Discovery of DNA components in meteorites

In this update are talking about the carbonaceous chondrites and ureilite.

  • Carbonaceous chondrites or C chondrites are meterorites of 7 known and many unknown groups. Ureilite is a rare type of stony meteorite that has a unique mineralogical composition very different from that of other stony meteorites.

Both of them are rich on organic material.

  • The notable carbonaceous chondrites are: Allende, Murchison, Orgueil, Ivuna, Murray, and Tagish Lake, while notable ureilites are the Novo Urei and the Goalpara.
  • You must note that Goalpara is an Ureilite landed in town Goalpara of Assam in India.

Similarly, in 2008, a tiny asteroid 2008 TC3 entered Earth’s atmosphere and exploded an estimated 37 kilometres above the Nubian Desert in Sudan. Fragments of this asteroid were recovered the following December and were found to be ureilite.

  • It was reported that the scientists have discovered amino acids, the building blocks of life in this meteorite 2008 TC3 where none were expected taking into account the high temperatures reached in the explosion about 1000 °C.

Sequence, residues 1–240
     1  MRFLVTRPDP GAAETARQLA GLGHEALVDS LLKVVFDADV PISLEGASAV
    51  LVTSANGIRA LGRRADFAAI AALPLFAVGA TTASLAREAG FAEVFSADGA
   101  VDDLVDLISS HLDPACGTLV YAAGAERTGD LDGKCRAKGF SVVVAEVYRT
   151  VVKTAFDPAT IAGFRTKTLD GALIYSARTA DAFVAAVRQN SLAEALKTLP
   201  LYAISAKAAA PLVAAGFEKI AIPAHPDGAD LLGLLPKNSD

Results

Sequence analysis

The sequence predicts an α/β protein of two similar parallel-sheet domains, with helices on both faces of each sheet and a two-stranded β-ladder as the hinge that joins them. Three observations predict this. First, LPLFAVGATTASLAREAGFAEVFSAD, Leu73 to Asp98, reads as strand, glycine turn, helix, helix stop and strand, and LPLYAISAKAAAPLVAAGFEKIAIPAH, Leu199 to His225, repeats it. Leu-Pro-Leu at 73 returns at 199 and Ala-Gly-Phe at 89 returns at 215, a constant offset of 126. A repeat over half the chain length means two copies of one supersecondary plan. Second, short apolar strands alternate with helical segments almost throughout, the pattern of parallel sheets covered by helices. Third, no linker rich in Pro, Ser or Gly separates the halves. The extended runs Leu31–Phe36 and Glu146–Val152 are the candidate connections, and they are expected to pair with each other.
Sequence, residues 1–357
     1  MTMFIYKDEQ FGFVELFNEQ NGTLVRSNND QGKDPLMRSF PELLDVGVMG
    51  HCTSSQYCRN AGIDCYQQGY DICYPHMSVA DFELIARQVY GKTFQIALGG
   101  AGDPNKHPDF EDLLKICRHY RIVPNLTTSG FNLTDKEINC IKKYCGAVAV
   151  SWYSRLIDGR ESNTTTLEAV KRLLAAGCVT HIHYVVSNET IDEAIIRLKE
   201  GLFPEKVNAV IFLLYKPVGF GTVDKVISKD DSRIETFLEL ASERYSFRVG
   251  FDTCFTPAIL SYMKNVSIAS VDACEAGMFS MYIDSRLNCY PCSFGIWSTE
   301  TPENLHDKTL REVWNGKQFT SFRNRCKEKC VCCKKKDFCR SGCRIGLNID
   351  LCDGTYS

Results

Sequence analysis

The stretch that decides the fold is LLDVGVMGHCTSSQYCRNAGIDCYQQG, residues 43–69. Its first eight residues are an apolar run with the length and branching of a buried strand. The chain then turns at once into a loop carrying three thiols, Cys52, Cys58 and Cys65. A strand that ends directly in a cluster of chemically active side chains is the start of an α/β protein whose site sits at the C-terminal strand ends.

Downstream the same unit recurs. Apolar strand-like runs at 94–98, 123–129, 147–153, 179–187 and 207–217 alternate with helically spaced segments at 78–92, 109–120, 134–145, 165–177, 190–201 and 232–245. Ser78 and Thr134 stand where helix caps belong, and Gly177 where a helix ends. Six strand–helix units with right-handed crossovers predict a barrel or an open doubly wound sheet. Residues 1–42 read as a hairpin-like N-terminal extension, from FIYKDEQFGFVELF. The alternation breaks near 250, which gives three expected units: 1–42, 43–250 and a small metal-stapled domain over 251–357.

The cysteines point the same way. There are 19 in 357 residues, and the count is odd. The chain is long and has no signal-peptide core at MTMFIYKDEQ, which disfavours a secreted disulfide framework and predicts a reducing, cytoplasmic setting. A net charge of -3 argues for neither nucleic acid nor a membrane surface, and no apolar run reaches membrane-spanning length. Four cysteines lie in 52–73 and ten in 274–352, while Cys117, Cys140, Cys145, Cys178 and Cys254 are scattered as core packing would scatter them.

Recently, a NASA-funded study was published in the Proceedings of the National Academy of Sciences.

As per this study, the scientists used advanced mass spectrometry instruments to scan 11 organic-rich meteorites called carbonaceous chondrites and one ureilite. The study found three nucleobases — purine, 6,8-diaminopurine and 2,6-diaminopurine — that are widely distributed in carbonaceous chondrites.

  • These nucleobases are rare or absent in terrestrial biology.
  • These components of DNA, the building blocks of life on Earth, in meteorites, is a discovery that, as per these scientists, confirms the theory that at least some of the materials needed to make early life forms came to our planet from space.

    Allan Hills 84001

    Please note that the most news making meteorite was Allan Hills 84001, which was found in Allan Hills of Antarctica in 1984. It consisted of fossiled nanobacteria of 20-100 nanometres in diameter, similar in size to the theoretical nanobacteria, but smaller than any known cellular life at the time of their discovery.